9. Pal Joey (music by Richard Rodgers; book and lyrics by Lorenz Hart, based on the book by John O’Hara)

The character and stories from this musical were based on short stories by John O’Hara that appeared in the New Yorker; he later published these stories as a novel.  The play received mixed reviews from the critics, but ran for ten months, so it was popular.  Not smash hits like with Rodgers and Hammerstein…

10. Oklahoma (music by Richard Rodgers, and book and lyrics by Oscar Hammerstein II)

Speaking of Rodgers and Hammerstein, Oklahoma is the next most revised musical.  This one was the first by the duo.  This musical broke the mold.  The singing was part of the dialogue, not just song and dance numbers interspersed in between dialogue.


Some people in the business aren’t sure all of the old favorites should be revived.  Some of the shows continue stereotypes, while others deal with abuse or misogyny.  And what about the revivals taking away room for new musicals to come to town; others have concerns about this possibility too.

In a November New York times article, Georgia Stitt, a composer, lyricist and musician, posted this on social media last fall as the 2017 season was  being announced:

“With respect to the creatives who will be employed by these projects, I will say I’m concerned about a Broadway season that includes PRETTY WOMAN, CAROUSEL and MY FAIR LADY all at the same time.  In 2017 is the correct message really “women are there to be rescued?   It’s frustrating that the material people seem to want to throw their energy into is old properties where women have no agency, and then there is the real scarcity of women on the creative teams.”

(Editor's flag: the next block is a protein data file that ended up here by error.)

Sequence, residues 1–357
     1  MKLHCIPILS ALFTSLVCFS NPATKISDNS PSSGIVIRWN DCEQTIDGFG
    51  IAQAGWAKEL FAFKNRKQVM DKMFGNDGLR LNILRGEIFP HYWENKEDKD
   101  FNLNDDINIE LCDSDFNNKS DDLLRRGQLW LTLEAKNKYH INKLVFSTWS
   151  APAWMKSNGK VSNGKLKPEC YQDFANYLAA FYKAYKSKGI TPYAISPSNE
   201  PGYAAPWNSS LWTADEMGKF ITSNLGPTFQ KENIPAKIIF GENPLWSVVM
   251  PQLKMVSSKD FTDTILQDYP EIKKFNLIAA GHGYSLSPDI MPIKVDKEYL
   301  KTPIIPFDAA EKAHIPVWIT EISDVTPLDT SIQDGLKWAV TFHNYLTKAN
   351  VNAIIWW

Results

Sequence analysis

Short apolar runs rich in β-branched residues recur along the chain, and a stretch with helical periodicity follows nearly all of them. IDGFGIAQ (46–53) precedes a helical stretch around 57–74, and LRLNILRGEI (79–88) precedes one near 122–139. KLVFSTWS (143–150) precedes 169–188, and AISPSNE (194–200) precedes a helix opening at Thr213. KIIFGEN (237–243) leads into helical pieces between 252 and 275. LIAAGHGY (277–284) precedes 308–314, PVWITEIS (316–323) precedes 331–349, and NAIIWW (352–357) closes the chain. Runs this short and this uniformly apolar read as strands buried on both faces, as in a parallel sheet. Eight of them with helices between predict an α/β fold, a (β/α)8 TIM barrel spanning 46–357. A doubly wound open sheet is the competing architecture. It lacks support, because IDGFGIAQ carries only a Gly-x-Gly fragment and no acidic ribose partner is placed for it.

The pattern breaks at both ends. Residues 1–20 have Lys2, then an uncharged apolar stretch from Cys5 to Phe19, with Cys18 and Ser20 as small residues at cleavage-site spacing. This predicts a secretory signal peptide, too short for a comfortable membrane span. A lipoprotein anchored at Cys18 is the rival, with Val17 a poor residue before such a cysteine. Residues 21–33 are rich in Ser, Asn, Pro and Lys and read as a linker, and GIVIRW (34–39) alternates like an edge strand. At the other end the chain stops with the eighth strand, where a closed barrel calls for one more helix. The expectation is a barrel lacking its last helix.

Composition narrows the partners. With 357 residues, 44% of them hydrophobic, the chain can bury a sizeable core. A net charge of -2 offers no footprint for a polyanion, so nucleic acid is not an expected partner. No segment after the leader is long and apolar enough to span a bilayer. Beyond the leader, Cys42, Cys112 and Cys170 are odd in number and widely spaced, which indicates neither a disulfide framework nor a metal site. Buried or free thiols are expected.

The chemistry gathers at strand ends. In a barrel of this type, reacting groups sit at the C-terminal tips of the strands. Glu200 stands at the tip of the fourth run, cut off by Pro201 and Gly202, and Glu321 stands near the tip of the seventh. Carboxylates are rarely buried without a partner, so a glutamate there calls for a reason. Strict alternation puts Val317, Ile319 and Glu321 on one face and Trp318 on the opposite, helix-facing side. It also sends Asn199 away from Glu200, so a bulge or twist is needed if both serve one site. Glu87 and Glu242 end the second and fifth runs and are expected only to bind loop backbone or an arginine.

–Georgia Stitt (@georgiastitt) November 22, 2017

Creative teams have sought to rework problematic classic musicals, either by changing wording (only possible with permission from the writers’ representatives), or by rethinking staging.

Critiques of My Fair Lady have focused not only on the show’s final exchange, but on the Pygmalion narrative itself.  “Oh gosh, it is very, very sexist,” Julie Andrews, who originated the role of Eliza on Broadway in 1956, told an interviewer last year. “Young women in particular will and should find it hard.”

Pretty Woman, which will be staged for the fall 2018 season, faces different challenges, as a new musical with no pre-existing book or score. It will have a production in Chicago this spring and is then scheduled to open on Broadway in August.

Some artists think that there are a few musicals that need to be revived.  What about Funny Girl, 1776, Titanic or A Funny thing Happened on the Way to the Forum?  Grand Hotel, anyone??

A few final words about musicals:  This year Love Never Dies will be shown in North America for the first time.  The sequel is set in New York, ten years after the ending of the Phantom of the Opera ends.  It started in Detroit and now is coming to TPAC.  And yes the music and lyrics are by Andrew Lloyd Webber.

** So what exactly do these musical terms mean? The music itself, often called the score, is often written by a different person than the person who writes the lyrics, (a.k.a. the words in the songs).  Think of Rodgers and Hammerstein. Then think of Andrew Lloyd Webber or Stephen Sondheim. Both of these men often wrote the words and music for their productions. The book is the words, the actual story of the musical, sometimes based on a book, as in Phantom of the Opera.

Sources: